Hawaiian Electric is considering whether to delay the retirement of its fossil-fuel-dependent Kahului power plant as it scrambles to secure spare parts for four engines at another key facility.
Earlier this month, the company received the “unexpected news” that the supplier of spare parts for four units of the Maalaea Power Plant may not be able to supply them, Hawaiian Electric told the state Utilities Commission in a letter Monday.
The four large diesel engines at Maui County’s largest power plant provide up to 50 megawatts of the island’s total firm generating capacity of 248 MW, according to Hawaiian Electric spokeswoman Shayna Decker.
“As we continue to explore ways to expand the operation of the four units and work to bring in more renewable energy resources, at the same time it is prudent for us to assess whether postponing the retirement of the units generation from the Kahului Power Plant is required,” Decker said in an email Thursday. “We are reviewing all options to ensure that we continue to have an adequate supply of electricity to meet the energy needs of our Maui customers.”
Hawaiian Electric has planned to retire the Kahului plant in 2024 as the state moves towards its goal of 100% renewable energy by 2045. The plant was closed in 2014 but reactivated in 2016 to meet a growing demand for electricity after the closure of Hawaiian Commercial & Sugar Co., which once supplied power to island residents.
In December, the PUC approved plans by Hawaiian Electric to make equipment changes to two of four retired oil-fired generator sets at the Kahului Power Plant, Decker said. Two units will be used to control the voltage and maintain the inertia of the system without using fuel oil, while the other two will be permanently shut down and will no longer be able to produce electricity.
Commissioned in 1948, the Kahului Generating Station generates 36 MW that will need to be replaced before being taken offline, making remaining facilities and future clean energy projects crucial to Hawaiian Electric’s plans.
Given the supply chain issues, Hawaiian Electric told the PUC it has contacted some suppliers and tried to acquire spare parts and materials ahead of schedule whenever it can.
In one case, Hawaiian Electric contacted Mitsubishi Heavy Industries Engine & Turbochargers, which supplies parts for all four Maalaea units. The Chicago office of the company’s US subsidiary informed Hawaiian Electric that “MHIET has not yet had a specific timeline until parts supply is complete.”
“We would certainly like to retain MECO’s parts supply for the engines as much as possible,” the company said in a March 2 letter. “However, the engines have been manufactured for over 40 years or so, some engine related parts may no longer be available due to closure of operations at our suppliers and if there is no other way to produce rooms.”
The response surprised Hawaiian Electric’s senior vice president, an operations manager, Jim Alberts, told the PUC in a letter Monday. He said “The fact that MHIET’s response was not an unequivocal commitment to continue supplying parts is of sufficient concern to warrant the company reviewing Maui’s capacity planning and power reserve margin.”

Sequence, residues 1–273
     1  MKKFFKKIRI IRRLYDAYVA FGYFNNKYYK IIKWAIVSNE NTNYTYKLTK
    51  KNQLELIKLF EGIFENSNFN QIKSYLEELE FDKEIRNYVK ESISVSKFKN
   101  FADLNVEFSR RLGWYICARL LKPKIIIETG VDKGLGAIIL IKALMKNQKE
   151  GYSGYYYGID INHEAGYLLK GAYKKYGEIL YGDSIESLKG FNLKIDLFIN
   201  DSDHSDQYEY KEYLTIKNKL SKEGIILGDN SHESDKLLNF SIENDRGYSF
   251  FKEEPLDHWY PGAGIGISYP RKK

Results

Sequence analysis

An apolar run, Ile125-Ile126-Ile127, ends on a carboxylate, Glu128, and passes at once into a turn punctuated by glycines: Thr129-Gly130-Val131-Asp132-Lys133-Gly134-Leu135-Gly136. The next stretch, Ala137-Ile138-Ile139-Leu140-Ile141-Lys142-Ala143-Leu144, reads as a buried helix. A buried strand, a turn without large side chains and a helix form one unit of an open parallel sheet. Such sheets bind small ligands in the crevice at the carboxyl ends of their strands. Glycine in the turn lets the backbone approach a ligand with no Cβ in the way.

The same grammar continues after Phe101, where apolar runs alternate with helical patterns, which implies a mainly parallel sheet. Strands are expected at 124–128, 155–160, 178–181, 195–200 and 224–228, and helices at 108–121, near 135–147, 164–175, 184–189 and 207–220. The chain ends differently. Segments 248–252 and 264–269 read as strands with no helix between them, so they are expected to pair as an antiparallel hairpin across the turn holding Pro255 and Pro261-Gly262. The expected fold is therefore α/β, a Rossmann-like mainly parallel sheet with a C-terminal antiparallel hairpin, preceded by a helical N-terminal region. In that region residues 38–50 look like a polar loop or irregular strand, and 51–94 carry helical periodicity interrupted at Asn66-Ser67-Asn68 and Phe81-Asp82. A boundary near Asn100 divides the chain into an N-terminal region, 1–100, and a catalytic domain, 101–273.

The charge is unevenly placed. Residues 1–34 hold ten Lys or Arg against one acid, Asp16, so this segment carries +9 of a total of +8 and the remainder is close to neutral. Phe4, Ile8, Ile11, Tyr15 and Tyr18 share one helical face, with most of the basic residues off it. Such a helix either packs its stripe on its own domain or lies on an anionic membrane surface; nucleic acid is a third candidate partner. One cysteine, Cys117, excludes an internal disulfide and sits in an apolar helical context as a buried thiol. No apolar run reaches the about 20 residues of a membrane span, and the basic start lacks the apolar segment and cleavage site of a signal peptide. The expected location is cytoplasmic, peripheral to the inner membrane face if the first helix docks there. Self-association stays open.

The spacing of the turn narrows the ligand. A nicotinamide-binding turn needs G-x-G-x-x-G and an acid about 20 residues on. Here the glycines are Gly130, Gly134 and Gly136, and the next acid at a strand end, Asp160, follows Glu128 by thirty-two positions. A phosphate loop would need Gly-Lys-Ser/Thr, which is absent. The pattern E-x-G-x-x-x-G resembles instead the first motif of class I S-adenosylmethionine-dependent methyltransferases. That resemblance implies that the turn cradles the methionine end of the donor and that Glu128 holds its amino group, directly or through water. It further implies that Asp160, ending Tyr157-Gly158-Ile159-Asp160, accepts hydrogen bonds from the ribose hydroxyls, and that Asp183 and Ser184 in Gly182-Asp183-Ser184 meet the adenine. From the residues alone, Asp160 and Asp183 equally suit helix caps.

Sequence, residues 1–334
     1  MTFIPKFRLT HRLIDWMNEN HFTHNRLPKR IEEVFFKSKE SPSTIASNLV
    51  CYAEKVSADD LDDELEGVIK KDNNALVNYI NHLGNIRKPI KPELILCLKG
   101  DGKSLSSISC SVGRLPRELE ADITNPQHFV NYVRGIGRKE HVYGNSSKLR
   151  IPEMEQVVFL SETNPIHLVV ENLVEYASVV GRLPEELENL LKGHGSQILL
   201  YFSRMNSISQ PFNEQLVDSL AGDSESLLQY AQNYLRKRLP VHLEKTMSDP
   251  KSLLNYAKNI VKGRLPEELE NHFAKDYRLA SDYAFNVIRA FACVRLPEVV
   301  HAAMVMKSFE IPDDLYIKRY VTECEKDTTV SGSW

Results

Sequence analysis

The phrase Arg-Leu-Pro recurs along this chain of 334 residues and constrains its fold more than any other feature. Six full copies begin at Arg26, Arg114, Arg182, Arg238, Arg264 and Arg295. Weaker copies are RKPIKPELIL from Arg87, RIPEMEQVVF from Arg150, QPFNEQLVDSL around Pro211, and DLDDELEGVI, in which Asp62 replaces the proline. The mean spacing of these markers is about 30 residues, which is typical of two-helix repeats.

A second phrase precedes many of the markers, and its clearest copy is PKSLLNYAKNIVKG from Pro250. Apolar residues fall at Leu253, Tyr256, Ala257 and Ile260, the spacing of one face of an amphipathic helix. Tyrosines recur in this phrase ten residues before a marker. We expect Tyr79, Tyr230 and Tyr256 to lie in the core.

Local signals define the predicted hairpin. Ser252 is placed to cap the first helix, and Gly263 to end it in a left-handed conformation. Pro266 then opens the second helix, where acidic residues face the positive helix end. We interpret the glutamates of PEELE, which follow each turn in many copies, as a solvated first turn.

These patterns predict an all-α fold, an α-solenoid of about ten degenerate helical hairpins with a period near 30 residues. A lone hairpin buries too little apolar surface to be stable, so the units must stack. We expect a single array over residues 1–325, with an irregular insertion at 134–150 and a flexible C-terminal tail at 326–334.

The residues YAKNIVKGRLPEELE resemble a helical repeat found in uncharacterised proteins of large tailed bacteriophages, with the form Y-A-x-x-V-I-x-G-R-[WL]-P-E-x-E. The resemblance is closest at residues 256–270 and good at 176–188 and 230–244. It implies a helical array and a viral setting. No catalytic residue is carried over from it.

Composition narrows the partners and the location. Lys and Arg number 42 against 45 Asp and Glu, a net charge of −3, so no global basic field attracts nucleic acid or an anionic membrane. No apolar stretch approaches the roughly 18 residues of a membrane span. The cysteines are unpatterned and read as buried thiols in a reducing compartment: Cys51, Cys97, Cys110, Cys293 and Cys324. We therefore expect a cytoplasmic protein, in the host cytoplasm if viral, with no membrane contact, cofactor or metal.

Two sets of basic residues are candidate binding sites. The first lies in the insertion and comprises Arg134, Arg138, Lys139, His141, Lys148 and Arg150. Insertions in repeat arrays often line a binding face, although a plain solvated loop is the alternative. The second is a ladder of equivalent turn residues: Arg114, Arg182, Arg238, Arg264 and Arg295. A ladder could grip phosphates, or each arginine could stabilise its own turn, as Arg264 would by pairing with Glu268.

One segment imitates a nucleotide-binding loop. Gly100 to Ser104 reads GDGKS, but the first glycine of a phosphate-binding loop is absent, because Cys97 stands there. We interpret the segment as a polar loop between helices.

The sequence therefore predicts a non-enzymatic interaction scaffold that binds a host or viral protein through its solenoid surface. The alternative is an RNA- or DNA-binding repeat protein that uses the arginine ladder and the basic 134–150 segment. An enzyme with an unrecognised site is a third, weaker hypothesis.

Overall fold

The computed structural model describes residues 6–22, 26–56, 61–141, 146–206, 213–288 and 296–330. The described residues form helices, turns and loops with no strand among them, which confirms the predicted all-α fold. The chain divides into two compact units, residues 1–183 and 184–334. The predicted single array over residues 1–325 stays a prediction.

Hawaiian Electric has enough spare parts to “an additional major overhaul of 12,000 operating hours for each engine.” With overhauls planned over the next two years and ongoing operations showing it takes around 30 months to reach 12,000 hours of operation, the engines will be at or near the end of their life by 2025 or 2026, depending on the letter.
Hawaiian Electric is working to obtain enough replacement parts to extend the life of the units, but few such engines still exist and the critical parts needed are unique to the Mitsubishi version.
“However, the uncertain circumstances must be taken into account, and it is no longer safe to assume the continued operation of these units beyond the dates indicated above in capacity planning for Maui,” said Alberts. “As an example, it may not be prudent to remove Kahului units 1 to 4 before sufficient capacity is in service to replace the 36 MW they represent as well as the 50 MW provided by M10 to M13 (in Maalaea) That said, to comply with regional Haze rules, it is anticipated that Kahului units may need to be retired by the end of 2027.”
Alberts outlined an action plan that includes exploring ways to extend the life of Maalaea units, working with renewable energy developers to ensure their projects are installed no later than 2024, starting the permitting process for the Waena Battery Storage Project and seeking approval to establish a battery bonus program for Maui that would provide cash incentives and bill credits for adding a battery to a rooftop solar system.
“We have worked closely with developers to ensure these renewable energy projects continue to move forward,” Decker said. “Several renewable energy developers informed us that their renewable energy projects could be delayed or otherwise affected by the global supply chain crisis. They cited delays in the production of energy storage systems by battery and racking equipment, shipping delays, and cost increases for materials and labor. We do not intend to cease operation of the Kahului plant until sufficient resources to replace it are in place and operational.
When asked what would happen if Maalaea’s units were to die, Decker replied that “Given that we regularly maintain our generator sets, have been proactive in our efforts to increase our supply parts inventory and are following the steps of our action plan, we anticipate that the groups will be able to continue to supply electricity reliably.
“The impacts are unconfirmed at this stage as it would depend on new replacement generation resources coming online and the island’s power demand as we move forward,” she says.
*Colleen Uechi can be reached at firstname.lastname@example.org.